A new Jobs & Careers supplement to The Moscow Times has been released, and for the first time in two languages — Russian and English. The issue analyzes the implications of employers’ emergence from the economic crisis and prospects for the Russian labor market.
The publication also includes an analytical review of the current condition of the small business labor market. The supplement’s editor Rachel Nielsen cites data from recruiting agencies to show that efforts by the Russian government and independent investors are supporting the development of small business, and have improved the situation on the Russian labor market in recent months. According to the HeadHunter recruiting agency, the demand for employees rose by 6 percent last year, or 7,000 vacancies per month, and experts predict that salaries will return to pre-crisis levels by the end of this year.
Nonetheless, the condition of the Russian labor market is not ideal. Analysts are concerned about problems associated with the country’s poor demographic situation and inadequate education. Government plans to introduce a 20 percent social security tax constitute another potential threat for employers, especially large companies.
Every day, an increasing number of employers are recognizing the need for introducing their own employee training programs. There is a growing demand for personnel coaches and development specialists. In the article “Human Resources Can Drive Employee Development,” Cornerstone recruiting agency Human Resources director Yury Dorfman explains why training courses are not simply a means for raising the educational level of the staff, but a form of internal and external PR, as well as which qualities a good trainer should have.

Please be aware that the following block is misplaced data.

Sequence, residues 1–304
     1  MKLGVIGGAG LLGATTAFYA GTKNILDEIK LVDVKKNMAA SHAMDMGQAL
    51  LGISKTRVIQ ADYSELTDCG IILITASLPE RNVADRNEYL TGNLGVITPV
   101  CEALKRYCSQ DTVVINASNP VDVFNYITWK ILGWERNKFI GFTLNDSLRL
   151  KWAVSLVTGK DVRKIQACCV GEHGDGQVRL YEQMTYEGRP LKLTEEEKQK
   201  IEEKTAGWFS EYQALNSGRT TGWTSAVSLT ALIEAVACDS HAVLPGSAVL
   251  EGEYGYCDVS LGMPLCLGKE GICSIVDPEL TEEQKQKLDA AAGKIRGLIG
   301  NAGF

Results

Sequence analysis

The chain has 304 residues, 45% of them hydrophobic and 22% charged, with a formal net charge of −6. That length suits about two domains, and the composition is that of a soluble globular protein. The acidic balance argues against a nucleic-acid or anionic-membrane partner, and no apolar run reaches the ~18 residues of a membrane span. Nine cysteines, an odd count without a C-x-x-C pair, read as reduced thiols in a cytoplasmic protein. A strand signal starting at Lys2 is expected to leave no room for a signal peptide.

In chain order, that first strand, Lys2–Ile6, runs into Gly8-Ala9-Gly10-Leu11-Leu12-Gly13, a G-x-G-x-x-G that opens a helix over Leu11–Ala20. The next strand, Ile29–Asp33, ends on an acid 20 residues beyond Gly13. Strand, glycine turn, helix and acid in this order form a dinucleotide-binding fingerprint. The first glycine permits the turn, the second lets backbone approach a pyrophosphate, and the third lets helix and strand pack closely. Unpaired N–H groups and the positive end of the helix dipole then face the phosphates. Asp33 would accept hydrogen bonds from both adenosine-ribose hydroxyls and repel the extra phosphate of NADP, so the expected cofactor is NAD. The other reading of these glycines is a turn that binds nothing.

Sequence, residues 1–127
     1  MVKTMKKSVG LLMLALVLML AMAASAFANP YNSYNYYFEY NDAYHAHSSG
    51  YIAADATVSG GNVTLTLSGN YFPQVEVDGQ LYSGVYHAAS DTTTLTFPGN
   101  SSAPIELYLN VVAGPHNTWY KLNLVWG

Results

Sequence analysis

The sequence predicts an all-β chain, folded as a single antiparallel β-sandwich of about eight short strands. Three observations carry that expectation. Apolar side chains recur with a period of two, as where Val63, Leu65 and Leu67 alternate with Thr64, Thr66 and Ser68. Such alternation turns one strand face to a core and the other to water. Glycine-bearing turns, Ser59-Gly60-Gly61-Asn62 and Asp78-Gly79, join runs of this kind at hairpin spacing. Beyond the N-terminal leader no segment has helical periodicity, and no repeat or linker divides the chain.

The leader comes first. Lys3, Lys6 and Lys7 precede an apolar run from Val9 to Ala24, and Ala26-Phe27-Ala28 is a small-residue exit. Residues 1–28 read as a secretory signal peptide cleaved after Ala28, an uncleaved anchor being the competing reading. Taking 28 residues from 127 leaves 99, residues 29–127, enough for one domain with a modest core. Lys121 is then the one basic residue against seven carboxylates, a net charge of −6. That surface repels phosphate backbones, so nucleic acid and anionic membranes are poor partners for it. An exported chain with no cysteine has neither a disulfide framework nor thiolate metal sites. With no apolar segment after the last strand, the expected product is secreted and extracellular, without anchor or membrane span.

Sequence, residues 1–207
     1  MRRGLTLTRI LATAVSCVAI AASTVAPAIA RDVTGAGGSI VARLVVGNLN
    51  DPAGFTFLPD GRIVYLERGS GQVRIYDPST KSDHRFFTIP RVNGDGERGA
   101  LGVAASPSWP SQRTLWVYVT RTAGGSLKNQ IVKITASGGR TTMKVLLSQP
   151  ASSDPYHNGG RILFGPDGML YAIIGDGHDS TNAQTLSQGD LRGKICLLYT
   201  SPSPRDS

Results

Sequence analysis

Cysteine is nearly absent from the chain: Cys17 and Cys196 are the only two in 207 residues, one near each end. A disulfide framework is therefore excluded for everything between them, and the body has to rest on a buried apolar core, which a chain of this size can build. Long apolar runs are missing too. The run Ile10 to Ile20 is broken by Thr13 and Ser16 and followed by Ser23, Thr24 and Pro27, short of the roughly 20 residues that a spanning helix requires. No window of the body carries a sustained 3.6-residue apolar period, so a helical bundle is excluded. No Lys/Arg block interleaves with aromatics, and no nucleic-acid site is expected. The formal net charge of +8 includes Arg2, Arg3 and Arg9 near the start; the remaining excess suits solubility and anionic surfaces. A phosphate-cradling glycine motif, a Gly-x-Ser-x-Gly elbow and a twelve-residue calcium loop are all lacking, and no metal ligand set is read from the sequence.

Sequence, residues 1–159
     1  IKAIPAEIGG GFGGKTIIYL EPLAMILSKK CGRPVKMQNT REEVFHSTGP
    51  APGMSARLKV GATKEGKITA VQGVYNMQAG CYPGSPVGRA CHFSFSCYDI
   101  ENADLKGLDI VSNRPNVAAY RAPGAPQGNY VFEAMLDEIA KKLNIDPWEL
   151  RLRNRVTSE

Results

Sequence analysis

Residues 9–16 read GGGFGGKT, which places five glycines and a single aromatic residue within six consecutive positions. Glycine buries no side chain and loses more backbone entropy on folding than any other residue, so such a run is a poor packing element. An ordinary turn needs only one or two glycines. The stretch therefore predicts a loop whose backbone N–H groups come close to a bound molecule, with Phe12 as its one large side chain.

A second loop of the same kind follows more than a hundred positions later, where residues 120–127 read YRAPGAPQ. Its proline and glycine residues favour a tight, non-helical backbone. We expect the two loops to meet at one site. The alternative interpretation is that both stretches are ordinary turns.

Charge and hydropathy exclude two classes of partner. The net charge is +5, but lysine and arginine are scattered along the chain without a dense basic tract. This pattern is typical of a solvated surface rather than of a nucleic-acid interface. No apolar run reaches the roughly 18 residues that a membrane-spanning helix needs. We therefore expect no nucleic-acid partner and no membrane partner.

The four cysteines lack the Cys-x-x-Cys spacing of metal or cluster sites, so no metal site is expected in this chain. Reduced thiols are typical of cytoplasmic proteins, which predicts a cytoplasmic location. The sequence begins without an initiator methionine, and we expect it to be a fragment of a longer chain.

The Job & Careers supplement is devoted to the issues surrounding developing education and employment levels and is aimed at employers, employees, job seekers and young graduates. Published in the spring and fall of each year, the supplement has a print run of 35,000 copies. The supplement is distributed to subscribers of The Moscow Times and Vedomosti newspapers, at The Moscow Times business events and training sessions and at job fairs at leading Moscow universities and institutes.